Even though bees can be annoying at times, they’re crucial to the environment and our own survival as a species. Unfortunately, we seem to be killing them off. Thanks to pesticides, climate change, and parasites, bee populations have been declining at a rapid rate.
Bees pollinate a large percentage of the world’s crops from apples to coffee to cotton. Without bees, many of these essential crops could die off. Bees contribute an estimated 15-30 billion dollars in annual agricultural productivity alone. Losing bees would have catastrophic effects on pretty much every single person on the planet.
Hopefully, we can turn things around before bees become extinct. Just in case, scientists at the Delft University of Technology in the Netherlands have been experimenting with another solution. Robot Bees. The real name is Delfly and it’s an insect-like drone that scientists hope can help pollinate plants in case the real bees disappear. Scientists used fruit flies as an inspiration, analyzing their wing motion and aerodynamics.
The Delfy stays airborne with a wing beat of 17 times per second and can reach speeds of 15 mph. Like fruit flies, they can hover, fly in any direction, and flip 360 degrees at any angle. For Delfly’s wings, the scientists used a lightweight mylar film which is the same material used in space blankets.
Small sensors allow the ‘robot bees’ to autonomously fly from plant to plant and avoid any obstacles that may get in their way. The tiny robot can also be controlled via remote control.
Currently, the Delfly weighs about 29 grams and has a wingspan of 33cm making it 55 times the size of the average fruit fly. The goal is to ultimately get the drones as close to the size of a fruit fly as possible. Scientists are also working to improve battery life as currently the robot can only fly for six minutes and travel about a half mile.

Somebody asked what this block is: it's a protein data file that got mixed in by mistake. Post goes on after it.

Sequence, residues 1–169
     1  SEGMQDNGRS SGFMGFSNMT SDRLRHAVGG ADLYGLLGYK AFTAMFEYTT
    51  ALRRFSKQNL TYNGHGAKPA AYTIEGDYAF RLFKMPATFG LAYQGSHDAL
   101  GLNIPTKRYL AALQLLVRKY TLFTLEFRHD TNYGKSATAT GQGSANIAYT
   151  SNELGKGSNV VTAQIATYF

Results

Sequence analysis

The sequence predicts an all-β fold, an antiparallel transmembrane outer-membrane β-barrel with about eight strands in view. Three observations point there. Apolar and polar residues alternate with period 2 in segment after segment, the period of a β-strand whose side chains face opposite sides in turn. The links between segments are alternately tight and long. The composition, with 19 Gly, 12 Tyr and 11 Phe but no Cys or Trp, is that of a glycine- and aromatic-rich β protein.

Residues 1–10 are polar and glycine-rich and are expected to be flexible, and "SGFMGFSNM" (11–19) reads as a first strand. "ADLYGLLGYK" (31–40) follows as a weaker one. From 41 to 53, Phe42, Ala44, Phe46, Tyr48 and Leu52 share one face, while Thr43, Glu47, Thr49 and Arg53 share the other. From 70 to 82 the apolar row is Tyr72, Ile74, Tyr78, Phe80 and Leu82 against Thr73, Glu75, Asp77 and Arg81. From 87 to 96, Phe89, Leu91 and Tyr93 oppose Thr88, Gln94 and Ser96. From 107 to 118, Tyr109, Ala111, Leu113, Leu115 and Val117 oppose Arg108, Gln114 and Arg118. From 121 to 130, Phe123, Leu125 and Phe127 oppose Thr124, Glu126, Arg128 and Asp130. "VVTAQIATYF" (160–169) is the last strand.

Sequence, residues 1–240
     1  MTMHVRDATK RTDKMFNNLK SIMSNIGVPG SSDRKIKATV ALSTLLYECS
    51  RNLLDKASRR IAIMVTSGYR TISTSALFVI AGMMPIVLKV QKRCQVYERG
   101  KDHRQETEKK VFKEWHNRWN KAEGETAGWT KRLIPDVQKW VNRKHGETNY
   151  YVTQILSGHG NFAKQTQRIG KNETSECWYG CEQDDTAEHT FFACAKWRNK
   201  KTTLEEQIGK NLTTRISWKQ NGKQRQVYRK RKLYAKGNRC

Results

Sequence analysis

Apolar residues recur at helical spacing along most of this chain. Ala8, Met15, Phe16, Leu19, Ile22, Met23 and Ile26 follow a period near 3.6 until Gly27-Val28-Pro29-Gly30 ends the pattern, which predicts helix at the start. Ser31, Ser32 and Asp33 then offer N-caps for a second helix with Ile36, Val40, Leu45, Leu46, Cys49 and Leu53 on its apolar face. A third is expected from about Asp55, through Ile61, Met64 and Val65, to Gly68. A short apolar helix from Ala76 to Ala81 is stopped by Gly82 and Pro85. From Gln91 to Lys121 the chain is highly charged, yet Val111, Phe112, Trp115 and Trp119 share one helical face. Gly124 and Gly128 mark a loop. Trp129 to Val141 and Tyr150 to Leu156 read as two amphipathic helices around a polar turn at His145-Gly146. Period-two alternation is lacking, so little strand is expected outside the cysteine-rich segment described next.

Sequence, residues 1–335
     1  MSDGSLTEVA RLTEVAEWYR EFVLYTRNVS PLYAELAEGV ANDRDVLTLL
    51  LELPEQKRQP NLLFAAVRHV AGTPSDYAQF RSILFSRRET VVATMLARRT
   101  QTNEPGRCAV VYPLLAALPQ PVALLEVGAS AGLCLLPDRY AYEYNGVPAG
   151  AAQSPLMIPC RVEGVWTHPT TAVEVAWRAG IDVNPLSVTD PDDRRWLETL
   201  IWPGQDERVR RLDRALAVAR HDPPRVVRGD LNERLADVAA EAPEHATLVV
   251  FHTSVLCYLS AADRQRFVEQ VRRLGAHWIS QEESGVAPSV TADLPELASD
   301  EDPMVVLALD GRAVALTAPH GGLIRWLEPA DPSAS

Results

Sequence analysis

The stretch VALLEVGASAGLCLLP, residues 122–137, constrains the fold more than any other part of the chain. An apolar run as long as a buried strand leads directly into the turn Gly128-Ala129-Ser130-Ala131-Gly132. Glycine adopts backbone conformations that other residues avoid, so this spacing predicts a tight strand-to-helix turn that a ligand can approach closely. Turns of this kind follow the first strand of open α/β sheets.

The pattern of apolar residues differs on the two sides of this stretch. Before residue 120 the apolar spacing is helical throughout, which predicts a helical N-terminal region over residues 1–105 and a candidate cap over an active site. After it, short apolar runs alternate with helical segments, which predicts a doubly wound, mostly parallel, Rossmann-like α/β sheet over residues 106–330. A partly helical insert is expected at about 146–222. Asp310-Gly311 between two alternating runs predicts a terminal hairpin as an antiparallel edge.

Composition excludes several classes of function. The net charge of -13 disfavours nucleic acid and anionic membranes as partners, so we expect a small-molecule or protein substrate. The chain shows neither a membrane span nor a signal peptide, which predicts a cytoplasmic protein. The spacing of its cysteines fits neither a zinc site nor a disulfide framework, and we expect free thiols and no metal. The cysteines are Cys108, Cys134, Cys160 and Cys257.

The scientists feel the tiny pollinating drones could be useful in greenhouses where giant swarms of the robot bees would help keep plants pollinated in the absence of the real ones. The Delfly could also have other uses such as scanning for survivors in areas hit by natural disasters and monitoring warehouses. For any of these intended uses, we would assume battery life would have to be greatly improved.
“The goal is to have a device that could pollinate flowers as it may be that bees will die out…if you can imagine a swarm of these robots flying around a warehouse or greenhouse, they would very safe to work around as they are so small and light,” said Matěj Karásek, a researcher at Delft University’s Micro Air Vehicle laboratory.
The project is obviously in the very early stages but shows promise. In reality, it would be almost impossible to replace bees on a global scale if they do disappear but these mini-robots could be viable in contained environments like greenhouses and small farms. Getting autonomous tech into drones the size of a tiny insect would be quite an achievement on its own and could have uses in many other industries.
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